When one thinks of Rome, one thinks of an ancient people living an alien life-style in the dim-distant past. This article will try to make Rome seem less remote, their life-style more accessible, and the past more alive. However, this article will not conform to a scholarly article but will be more of a collection of thoughts, facts, and figures.  In the future, I will from time to time publish additional articles in this series.

The population of Rome and of the Empire have often been the subject of debate.  While most authorities agree that the population of the Roman Empire was greater than the population of same land area in the fifteenth century, authorities do not agree on a specific number.  Having said that between 70 and 80  million is a good estimate during the reign of Marcus Aurelius.  The Roman Empire probably had at least 1/5 of the then world’s population.  Interestingly, authorities agree that the growth of population was stable at about 0.15 percent per year for about 150 years (between Augustus and Aurelius).  Of the total population, about 10% were slaves, meaning 7,000,000 or more at the time of Aurelius.

About 1/3 of the population of the Italian peninsula lived in cities.  There were some 450 cities on the Italian peninsula. Rome itself had about a  population of 750,000 in 14 AD. This grew to over a million ( and maybe 1,250,000) by the year 100 AD.

Other cities in the Empire, while large in size, did not approach Rome’s population. Alexandria, next largest after Rome, had about 300,000 inhabitants, with Carthage and Antioch having about the same number.  Ephesus and Pargamum, the next largest cities, were not in this class having only about 180,000 inhabitants.

The other 2/3 of the population lived outside of cities.  Farming was the main occupation.  It is instrumental that a legionary, after having served his term, was usually granted land to farm.  This inducement was a powerful one-land was the main form of wealth.  The area around the Mediterranean is not suited to pastoralism, as only goats and  sheep can withstand the lack of water during the summer.  Thus agriculture was the main economic endeavor.  The Mediterranean climate and soil is suited to olives, grapes, figs, and some cereals. Pigs and poultry were raised but usually only near a city here they cold be easily sold at market.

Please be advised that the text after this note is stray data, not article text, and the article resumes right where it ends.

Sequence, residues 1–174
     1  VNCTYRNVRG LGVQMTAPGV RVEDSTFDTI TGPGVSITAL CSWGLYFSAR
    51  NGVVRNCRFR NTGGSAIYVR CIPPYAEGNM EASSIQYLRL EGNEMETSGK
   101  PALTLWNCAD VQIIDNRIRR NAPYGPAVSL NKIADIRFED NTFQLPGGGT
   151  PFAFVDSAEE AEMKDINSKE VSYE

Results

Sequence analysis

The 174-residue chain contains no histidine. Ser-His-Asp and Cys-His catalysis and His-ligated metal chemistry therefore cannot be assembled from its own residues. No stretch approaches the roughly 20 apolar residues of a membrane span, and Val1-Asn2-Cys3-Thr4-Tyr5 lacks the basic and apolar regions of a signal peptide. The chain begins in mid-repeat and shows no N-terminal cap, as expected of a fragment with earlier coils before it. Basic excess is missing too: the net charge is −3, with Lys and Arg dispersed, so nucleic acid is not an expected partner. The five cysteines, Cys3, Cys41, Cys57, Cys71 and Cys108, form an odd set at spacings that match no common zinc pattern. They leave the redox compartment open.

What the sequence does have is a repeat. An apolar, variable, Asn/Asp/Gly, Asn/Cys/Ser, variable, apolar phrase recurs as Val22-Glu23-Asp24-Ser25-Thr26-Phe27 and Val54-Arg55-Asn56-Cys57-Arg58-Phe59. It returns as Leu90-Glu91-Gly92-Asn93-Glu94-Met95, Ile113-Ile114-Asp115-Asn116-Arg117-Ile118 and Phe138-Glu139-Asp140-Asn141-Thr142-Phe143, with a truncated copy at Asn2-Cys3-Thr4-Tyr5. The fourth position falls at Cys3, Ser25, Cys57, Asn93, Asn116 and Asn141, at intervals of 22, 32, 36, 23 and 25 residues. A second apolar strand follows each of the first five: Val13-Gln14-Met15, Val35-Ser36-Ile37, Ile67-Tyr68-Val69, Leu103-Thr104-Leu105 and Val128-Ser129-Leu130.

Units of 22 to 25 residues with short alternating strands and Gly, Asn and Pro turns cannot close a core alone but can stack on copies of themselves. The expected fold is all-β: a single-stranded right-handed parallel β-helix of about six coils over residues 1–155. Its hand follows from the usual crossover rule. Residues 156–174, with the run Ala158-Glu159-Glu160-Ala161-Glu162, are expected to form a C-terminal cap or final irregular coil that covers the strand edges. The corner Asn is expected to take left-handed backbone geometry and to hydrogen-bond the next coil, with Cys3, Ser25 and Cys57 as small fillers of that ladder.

Trade was very important during the Roman Empire.  This trade not only moved by sea, but also throughout the large river net work.  For example, the Nile River and its basin were exceedingly important.  Grains, particularly wheat and corn were grown along the banks of the Nile, and then were transported up river to a port, such as Alexandria, thence from there by sea to Rome.

Roman sea-trade ships were large and were only rivaled in size by European vessels in the 1750’s.  Some authorities believe that the cost ratio of sea transport to river transport to land transport is 1:6:55.  Meaning that land transport cost about ten time river transport and 55 times sea transport.

Besides agriculture, mining, and trade, the Roman Empire had some industrial base.  Obviously, bricks were made in vast quantities.  The vast ruins of buildings of Leptis Magna in modern day Libya, for example, are made of thousands upon thousands of bricks, which was the main building material of the Roman Empire.  Nonetheless, there were other industries, including, but not limited to glass making, pottery, textile mills, and lumber mills.

How much did these industries contribute to the GDP of the Empire?  Although no one can know for sure, it appears that industry contributed about 5% to GDP.  Commerce, may have contributed another few percent to GDP; agriculture, again was the bulk of the Roman GDP.  As a corollary to this, it would appear that the average Roman was living a subsistence life-style, with three-quarters of the population engaged in farming.

From this it would appear that the Roman Empire was much like a developing third world economy today.